Everyone would need to work out what works best or easiest for them for their application.
crice
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Joined: Sun Jan 11, 2015 10:38 pm

Re: Co2 Boost control

Post by crice »

Hi Stevie, it's not only drag racing, rallying too.
It could be useful anywhere you need a big range of boost pressures, very accurate control and to overcome high EMAP.
Only targeting dome pressure to me is a waste of time, it's essentially a glorified open loop strategy at that point. If the base WG duty is just being adjusted (closed loop) to follow a dome pressure target you may have slightly better 'positional' control of the poppet for any given duty but as you point out this bears no relationship to what is going on in terms of MAP, turbo speed or PRP.
If you look at the MQ12 strategy, I'm quite sure it combines the capsule pressure PI with the usual closed loop PID options. I've not looked at if/how Bosch do it.
The way I interpret the Cosworth strategy is take the WG duty total (basically your base WG duty + all of your compensations including closed loop PID) then convert that to a dome pressure target and apply a PI closed loop on top of it to keep the dome pressure matching the transfer function table.
I do struggle to get my head around exactly how this helps over just having the PWM duty adjusted in closed loop to meet your primary MAP, turbo speed or PRP target, but apparently is does? If anyone can suggest how/why I'd love to know.

This is of great interest to me at the moment along with having DBW control MAP - it would be awesome if you could do it with Syvecs.

Can Syvecs do primary and secondary closed loop boost control? i.e. a target offset to the primary control loop if you go outside the secondary limits? basically dual switching (eg MAP & PRP or turbo rpm and PRP)?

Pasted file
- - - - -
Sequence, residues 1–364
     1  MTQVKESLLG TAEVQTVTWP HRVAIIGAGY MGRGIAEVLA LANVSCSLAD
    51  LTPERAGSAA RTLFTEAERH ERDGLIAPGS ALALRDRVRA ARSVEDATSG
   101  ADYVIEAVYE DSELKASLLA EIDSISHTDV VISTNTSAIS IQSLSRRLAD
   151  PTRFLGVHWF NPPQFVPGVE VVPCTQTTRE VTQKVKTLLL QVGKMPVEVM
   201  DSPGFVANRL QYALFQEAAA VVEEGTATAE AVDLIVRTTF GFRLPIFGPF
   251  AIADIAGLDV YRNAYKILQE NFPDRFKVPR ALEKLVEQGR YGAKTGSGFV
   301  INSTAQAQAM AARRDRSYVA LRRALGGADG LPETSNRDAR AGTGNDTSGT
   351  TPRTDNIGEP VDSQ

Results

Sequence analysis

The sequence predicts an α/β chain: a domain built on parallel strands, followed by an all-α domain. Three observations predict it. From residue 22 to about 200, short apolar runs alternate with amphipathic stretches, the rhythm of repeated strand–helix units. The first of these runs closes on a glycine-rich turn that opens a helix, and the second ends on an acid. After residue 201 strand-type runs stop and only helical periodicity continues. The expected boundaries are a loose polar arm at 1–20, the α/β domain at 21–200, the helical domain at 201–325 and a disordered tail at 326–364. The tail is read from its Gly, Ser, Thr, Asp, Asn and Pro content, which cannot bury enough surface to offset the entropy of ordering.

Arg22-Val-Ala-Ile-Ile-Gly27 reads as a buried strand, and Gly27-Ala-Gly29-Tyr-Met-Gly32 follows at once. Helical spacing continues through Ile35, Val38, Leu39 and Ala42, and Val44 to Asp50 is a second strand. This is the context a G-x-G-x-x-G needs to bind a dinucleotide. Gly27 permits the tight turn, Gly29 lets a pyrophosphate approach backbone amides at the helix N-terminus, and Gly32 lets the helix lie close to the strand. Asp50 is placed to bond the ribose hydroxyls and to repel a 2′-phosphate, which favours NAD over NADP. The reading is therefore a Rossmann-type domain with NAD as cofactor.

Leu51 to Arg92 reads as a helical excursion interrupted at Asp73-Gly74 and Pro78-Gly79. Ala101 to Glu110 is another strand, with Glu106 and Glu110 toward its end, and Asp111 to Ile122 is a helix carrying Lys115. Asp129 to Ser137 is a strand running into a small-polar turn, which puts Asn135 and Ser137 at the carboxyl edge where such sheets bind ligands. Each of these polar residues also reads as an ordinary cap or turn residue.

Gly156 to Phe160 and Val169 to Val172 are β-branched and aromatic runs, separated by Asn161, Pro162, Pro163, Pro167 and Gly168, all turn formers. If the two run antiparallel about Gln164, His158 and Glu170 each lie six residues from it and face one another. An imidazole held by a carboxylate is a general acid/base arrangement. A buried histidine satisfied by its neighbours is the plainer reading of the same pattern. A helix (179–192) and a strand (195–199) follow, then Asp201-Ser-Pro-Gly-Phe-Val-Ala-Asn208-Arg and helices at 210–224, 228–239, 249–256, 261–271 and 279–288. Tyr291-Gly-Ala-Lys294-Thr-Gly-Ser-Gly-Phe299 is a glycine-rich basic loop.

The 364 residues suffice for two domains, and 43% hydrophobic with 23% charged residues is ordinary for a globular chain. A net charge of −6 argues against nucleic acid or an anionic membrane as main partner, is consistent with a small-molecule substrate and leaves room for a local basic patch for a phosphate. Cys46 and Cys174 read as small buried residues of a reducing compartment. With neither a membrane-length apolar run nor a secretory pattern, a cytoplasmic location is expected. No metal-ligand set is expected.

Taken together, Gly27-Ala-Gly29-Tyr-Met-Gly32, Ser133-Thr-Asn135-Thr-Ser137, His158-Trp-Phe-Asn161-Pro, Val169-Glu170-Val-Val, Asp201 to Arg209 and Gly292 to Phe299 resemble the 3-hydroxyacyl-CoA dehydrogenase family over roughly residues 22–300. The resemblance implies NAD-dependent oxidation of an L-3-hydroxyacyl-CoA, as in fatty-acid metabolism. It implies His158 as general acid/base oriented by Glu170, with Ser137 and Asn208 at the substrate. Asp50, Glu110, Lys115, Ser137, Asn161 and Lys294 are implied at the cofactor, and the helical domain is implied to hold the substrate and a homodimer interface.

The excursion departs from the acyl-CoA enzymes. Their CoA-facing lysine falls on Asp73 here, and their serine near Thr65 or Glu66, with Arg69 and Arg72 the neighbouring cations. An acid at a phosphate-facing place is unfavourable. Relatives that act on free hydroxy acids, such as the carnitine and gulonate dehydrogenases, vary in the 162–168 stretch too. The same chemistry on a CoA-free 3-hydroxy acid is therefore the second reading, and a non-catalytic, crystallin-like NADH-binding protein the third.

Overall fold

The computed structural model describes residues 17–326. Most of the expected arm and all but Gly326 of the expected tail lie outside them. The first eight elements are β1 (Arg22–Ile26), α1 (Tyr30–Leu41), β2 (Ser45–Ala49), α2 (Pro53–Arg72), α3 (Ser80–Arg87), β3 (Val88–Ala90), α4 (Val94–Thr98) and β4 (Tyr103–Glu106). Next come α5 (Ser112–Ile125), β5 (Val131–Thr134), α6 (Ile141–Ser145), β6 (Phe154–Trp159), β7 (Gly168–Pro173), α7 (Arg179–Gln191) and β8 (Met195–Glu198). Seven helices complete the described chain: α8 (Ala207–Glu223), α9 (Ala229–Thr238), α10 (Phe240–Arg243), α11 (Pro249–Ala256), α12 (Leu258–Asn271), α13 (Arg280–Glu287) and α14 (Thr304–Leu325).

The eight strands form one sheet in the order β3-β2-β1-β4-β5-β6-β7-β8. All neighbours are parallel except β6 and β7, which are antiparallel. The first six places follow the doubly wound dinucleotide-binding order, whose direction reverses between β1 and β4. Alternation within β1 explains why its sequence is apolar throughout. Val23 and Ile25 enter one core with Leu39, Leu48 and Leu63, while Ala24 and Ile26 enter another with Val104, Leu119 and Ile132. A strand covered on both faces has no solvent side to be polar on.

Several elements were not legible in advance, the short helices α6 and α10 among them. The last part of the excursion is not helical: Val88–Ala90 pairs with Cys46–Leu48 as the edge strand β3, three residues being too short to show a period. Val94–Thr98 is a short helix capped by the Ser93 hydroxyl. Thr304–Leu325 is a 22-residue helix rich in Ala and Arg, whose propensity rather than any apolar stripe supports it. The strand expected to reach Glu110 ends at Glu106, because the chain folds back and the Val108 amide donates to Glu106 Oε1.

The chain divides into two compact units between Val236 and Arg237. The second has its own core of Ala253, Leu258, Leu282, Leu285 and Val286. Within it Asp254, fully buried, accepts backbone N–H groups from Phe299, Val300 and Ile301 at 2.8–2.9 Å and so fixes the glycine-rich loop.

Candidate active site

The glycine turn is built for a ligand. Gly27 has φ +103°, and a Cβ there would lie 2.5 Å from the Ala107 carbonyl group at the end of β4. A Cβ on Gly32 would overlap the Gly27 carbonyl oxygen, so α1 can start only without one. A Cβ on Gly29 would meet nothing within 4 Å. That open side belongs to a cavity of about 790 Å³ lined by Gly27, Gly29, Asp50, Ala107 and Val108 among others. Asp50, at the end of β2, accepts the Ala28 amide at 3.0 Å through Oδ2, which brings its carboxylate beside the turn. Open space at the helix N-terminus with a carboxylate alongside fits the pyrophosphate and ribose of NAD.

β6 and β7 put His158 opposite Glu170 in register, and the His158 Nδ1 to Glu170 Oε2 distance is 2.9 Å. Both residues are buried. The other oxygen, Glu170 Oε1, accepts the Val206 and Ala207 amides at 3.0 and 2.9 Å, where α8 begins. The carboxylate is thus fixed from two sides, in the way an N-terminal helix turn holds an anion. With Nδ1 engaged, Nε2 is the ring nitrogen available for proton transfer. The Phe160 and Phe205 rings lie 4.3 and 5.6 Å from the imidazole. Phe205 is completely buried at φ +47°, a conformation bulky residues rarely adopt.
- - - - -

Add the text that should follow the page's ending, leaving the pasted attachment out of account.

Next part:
Will there be any future firmware updates for S6plus range?
RICE RACING
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Re: Co2 Boost control

Post by RICE RACING »

crice wrote: Mon Nov 16, 2020 12:12 pm
I do struggle to get my head around exactly how this helps over just having the PWM duty adjusted in closed loop to meet your primary MAP, turbo speed or PRP target, but apparently is does? If anyone can suggest how/why I'd love to know.
How it helps is the antiphase with increasing MAP can have a run away boost effect for the same level of duty so the control is not as accurate, especially on cars where TIP or more correctly MAP/TIP is not increasing in linear fashion with RPM after MAP peaks (stays flat for example). So the idea of an antiphase pressure sensor is to aid in making a programmable force air spring which then can help the control be more consistent gives more stable mechanical control and the software feedback is more effective.

Yes you can do this in LR/Syvecs :)

However keep in mind for say a car with road orientation you do actually get very high TIP and TEP and instead of needing to run this or a idealized flat duty on the phase side and doing say bleed on control on the anti phase (depends on how you valves are set up) there is not much need to use this strategy complexity, cause you actually need to have the run away effect to counter the adverse conditions when TIP itself runs away.